Tuesday, March 01, 2016

Stand Off

Image Description: A bad cartoon drawing of a guy in a power chair being blocked by a standing man.

Staring. Being pointed at. Being laughed at. Being made the butt of loud cruel stupid jokes. Okay, I don't like any of those things. But those things anger me more than frighten me. To be sure I can feel anxious before going out because of those things, but anxiety, at least how I experience it, is different than feeling an immediate fear of danger.

There are times when I am out when I feel my safety is in jeopardy, that someone is going to do something that could physically harm me. It is in those moments that I have, in the deepest core of myself, a desire to not be different, to not be centred out and to not be afraid. This happened to me on Sunday. Joe and I were coming home, strolling along together, chatting.

Then, suddenly.

A fellow who was walking towards us, an ordinary kind of bloke. The kind of guy that would be hard to describe to the police. Average height and build, average demeanor, engaging in perfectly normal behaviour. Then, out of the blue, as we were about to pass him, he steps to the side, placing his body immediately in front of me. I screech to a halt and stop. He stands there. We are very close. He doesn't look at me. He looks past me, as if he'd stopped to look ahead and as if I as invisible or immaterial to him. It was only a few seconds.

A few seconds where I felt in incredible danger.

A few seconds where I wished that I was actually invisible.

A few seconds where I just wanted, for once, to be able to be out and feel safe.

A few seconds where I wished I was different than I was.

Then, he stepped back and walked around me. And headed on. Completely oblivious to the damage he'd done. Or maybe not.

Or maybe not.


clairesmum said...

I would think he was purposeful in his action of invading your space. There are men who do this to women, especially in settings like elevators or crowded lines (like airports). Not a word is spoken - if you do raise your voice in protest, you are the one who draws attention.
Usually you can't move away, either - or the invader steps away just as you are about to move, leaving you thinking you imagined it.
Domestic abusers do it, too. I feel badly that this happened to you, Dave. Hope today is a bully-free day for you.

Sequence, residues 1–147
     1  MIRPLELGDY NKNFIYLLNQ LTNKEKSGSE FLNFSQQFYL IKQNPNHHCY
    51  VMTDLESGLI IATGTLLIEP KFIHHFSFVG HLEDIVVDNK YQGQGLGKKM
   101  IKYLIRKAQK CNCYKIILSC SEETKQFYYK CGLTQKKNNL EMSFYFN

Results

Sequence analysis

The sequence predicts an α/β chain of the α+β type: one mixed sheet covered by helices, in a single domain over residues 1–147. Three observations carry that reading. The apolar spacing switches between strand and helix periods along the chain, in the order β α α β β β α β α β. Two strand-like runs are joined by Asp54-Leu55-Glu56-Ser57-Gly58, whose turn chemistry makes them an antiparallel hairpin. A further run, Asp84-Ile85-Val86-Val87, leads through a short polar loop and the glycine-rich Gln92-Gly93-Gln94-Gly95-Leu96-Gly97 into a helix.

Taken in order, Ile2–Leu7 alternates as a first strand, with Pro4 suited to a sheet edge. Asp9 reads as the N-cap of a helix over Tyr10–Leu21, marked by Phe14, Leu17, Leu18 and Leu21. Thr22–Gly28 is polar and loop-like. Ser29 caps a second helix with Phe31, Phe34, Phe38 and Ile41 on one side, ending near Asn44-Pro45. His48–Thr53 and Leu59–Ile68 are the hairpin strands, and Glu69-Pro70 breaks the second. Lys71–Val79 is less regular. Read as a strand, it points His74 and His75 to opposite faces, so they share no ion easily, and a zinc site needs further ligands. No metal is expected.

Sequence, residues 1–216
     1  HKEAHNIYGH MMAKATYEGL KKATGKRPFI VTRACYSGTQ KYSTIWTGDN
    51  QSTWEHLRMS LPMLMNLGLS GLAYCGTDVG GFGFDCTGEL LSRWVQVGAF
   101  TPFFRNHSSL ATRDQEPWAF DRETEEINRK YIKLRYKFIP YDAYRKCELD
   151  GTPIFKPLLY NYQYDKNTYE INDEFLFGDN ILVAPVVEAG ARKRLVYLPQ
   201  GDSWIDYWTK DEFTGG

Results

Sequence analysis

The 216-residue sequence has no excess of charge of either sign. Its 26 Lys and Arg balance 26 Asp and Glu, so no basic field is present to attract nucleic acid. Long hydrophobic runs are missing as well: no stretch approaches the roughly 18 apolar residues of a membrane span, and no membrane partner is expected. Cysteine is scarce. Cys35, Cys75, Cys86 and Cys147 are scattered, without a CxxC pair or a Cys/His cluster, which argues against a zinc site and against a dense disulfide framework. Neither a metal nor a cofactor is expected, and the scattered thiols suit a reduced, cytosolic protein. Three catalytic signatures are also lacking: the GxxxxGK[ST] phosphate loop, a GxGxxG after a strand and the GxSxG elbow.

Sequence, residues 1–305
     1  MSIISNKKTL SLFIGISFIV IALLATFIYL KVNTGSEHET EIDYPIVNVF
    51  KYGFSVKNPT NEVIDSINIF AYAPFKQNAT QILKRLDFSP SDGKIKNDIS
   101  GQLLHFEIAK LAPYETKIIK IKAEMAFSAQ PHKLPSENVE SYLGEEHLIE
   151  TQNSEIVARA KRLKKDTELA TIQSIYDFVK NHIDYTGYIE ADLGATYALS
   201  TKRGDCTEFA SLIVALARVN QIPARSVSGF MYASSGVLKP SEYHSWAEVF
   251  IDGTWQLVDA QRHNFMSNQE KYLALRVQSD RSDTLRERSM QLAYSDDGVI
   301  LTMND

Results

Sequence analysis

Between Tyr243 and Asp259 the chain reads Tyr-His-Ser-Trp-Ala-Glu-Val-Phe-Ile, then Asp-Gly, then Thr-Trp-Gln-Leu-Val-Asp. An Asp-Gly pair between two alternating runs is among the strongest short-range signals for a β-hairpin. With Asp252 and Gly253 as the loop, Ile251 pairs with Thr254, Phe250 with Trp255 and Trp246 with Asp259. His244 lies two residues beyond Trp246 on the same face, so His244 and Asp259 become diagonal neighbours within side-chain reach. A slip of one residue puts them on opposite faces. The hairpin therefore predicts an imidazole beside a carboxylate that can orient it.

Colleen said...

I'm glad you are safe. His behavior makes no sense. Maybe he liked the sense of power? Maybe he liked making you feel vulnerable? If the answer to either of those is yes then he is a very scary person.

Anonymous said...

Aarrgggg! I hate sleazy troll situations like that.
Hang in there Dave with the knowledge that their disabilities are far more challenging then ours will ever be and that there are more good out there than bad. M.

Ron Arnold said...

Oh - I'm guessing definitely not. Average in every way except for an aptitude for cruelty and small grabs at power. I feel bad for the people in his life. I know the type.

CapriUni said...

I've not had very many encounters where I was the victim of hostile stares or silent violence, but once is more than enough. Even the incidents which occurred years ago leave an aching bruise in my sense of self.

[As an aside: twice, now, you've described your illustrative drawings as "Bad." This makes me want to squirm, because it feels like you're demeaning the value your own expression. And even though the drawings may be simple, they still help clarify your experience in a way that words, alone, cannot. That makes them important.]

Alicia Butcher Ehrhardt said...

This is what tasers are for. To give you the feeling that IF you needed to do something, you could.

Something non-destructive that would give you the time you needed to get away or get help.

I need to get me one of those.

Sheesh. Probably kicks puppies, too.

Anonymous said...

Do you not have a horn on your chair. I would hold it on continually until the guy moved. Others would look and see what is happening. Take back the power!!!